From: “Help! My Father Doesn’t Plan to Tell His Adoptive Brother When Their Mother Dies.” (Sept. 1, 2016)
My 10-year-old niece owns two American Girl dolls. The dolls are a source of pride for her, because she “bought” them herself. My sister and her husband give her a weekly allowance in exchange for performing household chores. They require her to put a percentage in a savings account for college and donate another percentage to a local charity. My niece can spend the rest of her allowance on whatever she pleases. To my husband and me, who don’t make nearly as much as my sister or my brother-in-law, our niece receives a very large allowance for a young child. The allowance was large enough that she was able to purchase the two American Girl dolls over the course of 18 months. She enjoys bringing one or both of the dolls to family gatherings. My daughter, the same age as my niece, would love an American Girl doll, but my husband and I can’t afford it. I feel like my niece flaunts her dolls and doesn’t understand that she seems spoiled to others who aren’t as fortunate. Sometimes it’s difficult to spend time around my nieces and nephew because they have many more toys than my kids do, and my kids feel bad afterward. How can I address these issues with my sister without making her defensive and my niece without hurting her?
You need to address these issue with yourself, then your children—not your sister. Your sister and her husband have more money than you do. That usually translates into having a bigger house, nicer cars, fancier vacations, more toys for the kids. Live with it. Unless they are constantly flaunting their wealth—which you don’t mention—you, and your children, need to understand that good and bad fortune is not distributed equally. Sure, their cousins may have more stuff than they do, but you need to remind them they have more stuff than their friends [fill in the blank]. Explain that’s life, and if the absence of an American Girl doll is one of their biggest heartaches, then that means all of you are lucky—even if seeing their cousin’s two, two, two American Girl dolls really can be annoying. Your sister’s children may get a generous allowance, but I love the lessons they are teaching their kids about it: They earn it through chores; they are putting some away for their own future; they are giving another percentage to those less fortunate; and if they save their money wisely over a long time (18 months for a little girl!) they can enjoy the result. I think you need to take a page from your sister’s parenting book and instill some worthy lessons in your own kids. —E.Y.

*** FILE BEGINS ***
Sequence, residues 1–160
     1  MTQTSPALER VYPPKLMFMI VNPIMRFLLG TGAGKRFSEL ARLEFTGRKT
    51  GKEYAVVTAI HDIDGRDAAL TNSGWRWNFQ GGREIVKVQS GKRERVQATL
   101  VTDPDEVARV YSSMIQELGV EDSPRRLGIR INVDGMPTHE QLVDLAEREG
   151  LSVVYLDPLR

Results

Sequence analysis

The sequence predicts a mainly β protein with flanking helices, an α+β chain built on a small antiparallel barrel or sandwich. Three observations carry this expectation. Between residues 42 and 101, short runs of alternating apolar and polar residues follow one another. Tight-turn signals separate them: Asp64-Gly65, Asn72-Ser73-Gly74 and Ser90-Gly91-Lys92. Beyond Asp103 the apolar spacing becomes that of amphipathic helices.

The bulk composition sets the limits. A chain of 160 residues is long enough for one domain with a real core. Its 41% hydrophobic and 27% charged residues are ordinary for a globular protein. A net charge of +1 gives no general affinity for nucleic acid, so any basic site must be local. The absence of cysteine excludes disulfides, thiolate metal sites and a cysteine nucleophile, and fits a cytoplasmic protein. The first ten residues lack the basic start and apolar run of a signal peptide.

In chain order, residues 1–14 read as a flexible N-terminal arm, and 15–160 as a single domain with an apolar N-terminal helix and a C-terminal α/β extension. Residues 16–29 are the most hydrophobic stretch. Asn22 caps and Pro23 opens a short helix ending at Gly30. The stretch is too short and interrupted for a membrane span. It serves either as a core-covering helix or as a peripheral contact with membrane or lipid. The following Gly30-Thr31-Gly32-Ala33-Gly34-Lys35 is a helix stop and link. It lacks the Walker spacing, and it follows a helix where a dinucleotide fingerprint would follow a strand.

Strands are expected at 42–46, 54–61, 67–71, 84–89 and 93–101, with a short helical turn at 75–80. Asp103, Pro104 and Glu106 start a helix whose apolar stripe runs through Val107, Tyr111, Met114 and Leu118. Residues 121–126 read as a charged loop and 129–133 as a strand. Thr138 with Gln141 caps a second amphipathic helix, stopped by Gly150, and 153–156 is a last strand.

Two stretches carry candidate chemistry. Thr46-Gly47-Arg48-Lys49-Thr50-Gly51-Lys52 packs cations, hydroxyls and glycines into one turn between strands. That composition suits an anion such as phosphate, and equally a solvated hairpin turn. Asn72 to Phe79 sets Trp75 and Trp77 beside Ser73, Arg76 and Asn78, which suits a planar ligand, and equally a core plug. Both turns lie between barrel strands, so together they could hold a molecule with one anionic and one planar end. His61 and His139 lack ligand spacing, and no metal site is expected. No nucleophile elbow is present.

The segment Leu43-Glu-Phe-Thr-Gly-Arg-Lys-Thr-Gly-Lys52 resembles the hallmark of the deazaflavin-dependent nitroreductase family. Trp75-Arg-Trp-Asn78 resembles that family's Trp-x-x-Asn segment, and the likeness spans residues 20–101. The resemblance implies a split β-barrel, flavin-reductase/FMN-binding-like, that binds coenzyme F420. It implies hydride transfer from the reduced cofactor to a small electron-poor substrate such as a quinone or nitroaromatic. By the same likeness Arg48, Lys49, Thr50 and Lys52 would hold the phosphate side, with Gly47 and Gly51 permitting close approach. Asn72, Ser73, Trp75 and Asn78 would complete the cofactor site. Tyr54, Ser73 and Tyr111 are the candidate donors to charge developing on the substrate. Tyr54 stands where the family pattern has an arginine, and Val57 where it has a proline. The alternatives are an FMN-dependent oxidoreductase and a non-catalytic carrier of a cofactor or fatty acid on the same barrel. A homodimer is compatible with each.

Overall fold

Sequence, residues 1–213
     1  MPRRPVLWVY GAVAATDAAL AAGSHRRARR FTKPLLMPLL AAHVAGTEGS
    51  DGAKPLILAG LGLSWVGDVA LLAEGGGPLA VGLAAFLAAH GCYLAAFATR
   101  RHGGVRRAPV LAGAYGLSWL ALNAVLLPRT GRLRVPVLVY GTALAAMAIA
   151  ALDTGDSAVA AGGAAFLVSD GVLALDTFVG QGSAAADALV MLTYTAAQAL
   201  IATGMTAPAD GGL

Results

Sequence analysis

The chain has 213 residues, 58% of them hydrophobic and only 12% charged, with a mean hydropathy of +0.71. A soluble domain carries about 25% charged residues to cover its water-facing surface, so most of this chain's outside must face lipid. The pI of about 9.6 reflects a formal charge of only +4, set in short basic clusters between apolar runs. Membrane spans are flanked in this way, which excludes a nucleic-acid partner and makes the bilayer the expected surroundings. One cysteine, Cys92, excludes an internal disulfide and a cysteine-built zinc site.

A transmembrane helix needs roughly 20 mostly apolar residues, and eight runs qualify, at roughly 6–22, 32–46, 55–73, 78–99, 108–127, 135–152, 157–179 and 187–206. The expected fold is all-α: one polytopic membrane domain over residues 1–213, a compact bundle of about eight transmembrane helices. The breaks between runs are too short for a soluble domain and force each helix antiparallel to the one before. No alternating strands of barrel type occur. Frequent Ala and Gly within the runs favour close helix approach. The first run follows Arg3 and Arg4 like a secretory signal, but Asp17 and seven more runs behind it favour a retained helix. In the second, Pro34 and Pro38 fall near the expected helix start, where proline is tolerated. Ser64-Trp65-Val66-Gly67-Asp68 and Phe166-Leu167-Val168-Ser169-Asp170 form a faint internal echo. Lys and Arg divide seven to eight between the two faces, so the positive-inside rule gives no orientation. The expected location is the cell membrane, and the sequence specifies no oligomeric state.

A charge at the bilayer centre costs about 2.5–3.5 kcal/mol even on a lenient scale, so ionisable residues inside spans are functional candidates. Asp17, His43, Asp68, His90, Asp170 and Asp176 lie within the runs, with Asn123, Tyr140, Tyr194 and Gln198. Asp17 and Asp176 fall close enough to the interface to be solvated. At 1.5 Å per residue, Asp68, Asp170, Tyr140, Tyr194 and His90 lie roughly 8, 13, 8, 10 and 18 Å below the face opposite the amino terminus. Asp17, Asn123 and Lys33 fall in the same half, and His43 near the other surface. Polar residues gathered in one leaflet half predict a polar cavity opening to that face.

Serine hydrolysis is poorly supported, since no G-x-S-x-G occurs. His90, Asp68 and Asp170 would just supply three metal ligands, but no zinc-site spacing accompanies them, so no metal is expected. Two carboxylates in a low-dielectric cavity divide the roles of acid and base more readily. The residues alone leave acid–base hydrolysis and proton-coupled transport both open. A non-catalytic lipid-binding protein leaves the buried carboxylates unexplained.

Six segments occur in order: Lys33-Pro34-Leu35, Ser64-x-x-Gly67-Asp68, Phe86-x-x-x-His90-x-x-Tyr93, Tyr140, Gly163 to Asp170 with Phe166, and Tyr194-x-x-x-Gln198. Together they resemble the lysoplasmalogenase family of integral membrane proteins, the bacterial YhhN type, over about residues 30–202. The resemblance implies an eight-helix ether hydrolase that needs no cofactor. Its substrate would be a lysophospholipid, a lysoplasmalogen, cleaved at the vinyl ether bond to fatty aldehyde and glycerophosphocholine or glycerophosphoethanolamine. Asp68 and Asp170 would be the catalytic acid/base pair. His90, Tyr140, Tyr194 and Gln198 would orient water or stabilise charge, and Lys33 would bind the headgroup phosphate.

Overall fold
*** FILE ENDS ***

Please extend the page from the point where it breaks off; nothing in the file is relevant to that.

From: “Help! I Can’t Compete With the Expensive Toys My Niece Gets From Her Mother.” (July 2, 2012)
More Advice From Dear Prudence
I’m going to front-load this question, otherwise you’ll think my tone is unfair to my brother. For reasons known only to a 30-year-old man-child, he stored nearly 20 grand in $100 bills in an oversized teddy bear he won at a fair.